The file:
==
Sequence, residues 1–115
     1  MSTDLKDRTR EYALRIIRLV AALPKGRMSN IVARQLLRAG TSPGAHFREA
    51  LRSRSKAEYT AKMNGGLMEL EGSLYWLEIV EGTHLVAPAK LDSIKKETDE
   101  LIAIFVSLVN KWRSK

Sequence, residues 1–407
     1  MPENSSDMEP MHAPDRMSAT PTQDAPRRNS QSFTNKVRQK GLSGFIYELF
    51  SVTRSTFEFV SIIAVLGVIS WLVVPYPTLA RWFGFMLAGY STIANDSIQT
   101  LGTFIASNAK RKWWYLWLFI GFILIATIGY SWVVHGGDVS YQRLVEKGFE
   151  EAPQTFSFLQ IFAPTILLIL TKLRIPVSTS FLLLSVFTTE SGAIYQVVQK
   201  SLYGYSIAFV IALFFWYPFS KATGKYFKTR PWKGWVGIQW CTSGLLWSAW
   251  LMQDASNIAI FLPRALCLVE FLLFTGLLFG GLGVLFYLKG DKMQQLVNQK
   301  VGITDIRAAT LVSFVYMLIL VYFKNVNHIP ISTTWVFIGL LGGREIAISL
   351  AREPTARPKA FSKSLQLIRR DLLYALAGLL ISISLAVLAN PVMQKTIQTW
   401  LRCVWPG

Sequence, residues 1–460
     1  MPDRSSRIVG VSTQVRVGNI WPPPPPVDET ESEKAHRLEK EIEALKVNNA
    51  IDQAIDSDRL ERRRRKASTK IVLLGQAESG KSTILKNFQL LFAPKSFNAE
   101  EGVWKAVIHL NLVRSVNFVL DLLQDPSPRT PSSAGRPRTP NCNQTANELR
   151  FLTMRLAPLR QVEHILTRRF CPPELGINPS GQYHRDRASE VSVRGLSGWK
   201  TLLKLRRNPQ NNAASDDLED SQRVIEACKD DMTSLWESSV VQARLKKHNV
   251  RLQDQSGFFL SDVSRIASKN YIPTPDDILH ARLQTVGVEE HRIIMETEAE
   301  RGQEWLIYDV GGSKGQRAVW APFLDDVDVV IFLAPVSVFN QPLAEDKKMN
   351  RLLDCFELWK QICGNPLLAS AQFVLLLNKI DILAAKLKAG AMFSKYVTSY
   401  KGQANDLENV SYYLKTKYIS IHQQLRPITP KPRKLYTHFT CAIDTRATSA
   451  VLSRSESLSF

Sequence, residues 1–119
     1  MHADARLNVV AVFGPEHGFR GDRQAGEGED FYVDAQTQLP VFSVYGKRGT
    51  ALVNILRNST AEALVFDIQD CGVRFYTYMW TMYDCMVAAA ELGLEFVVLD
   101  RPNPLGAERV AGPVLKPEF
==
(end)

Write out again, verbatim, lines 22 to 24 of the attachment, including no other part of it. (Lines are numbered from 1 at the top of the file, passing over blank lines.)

   301  RGQEWLIYDV GGSKGQRAVW APFLDDVDVV IFLAPVSVFN QPLAEDKKMN
   351  RLLDCFELWK QICGNPLLAS AQFVLLLNKI DILAAKLKAG AMFSKYVTSY
   401  KGQANDLENV SYYLKTKYIS IHQQLRPITP KPRKLYTHFT CAIDTRATSA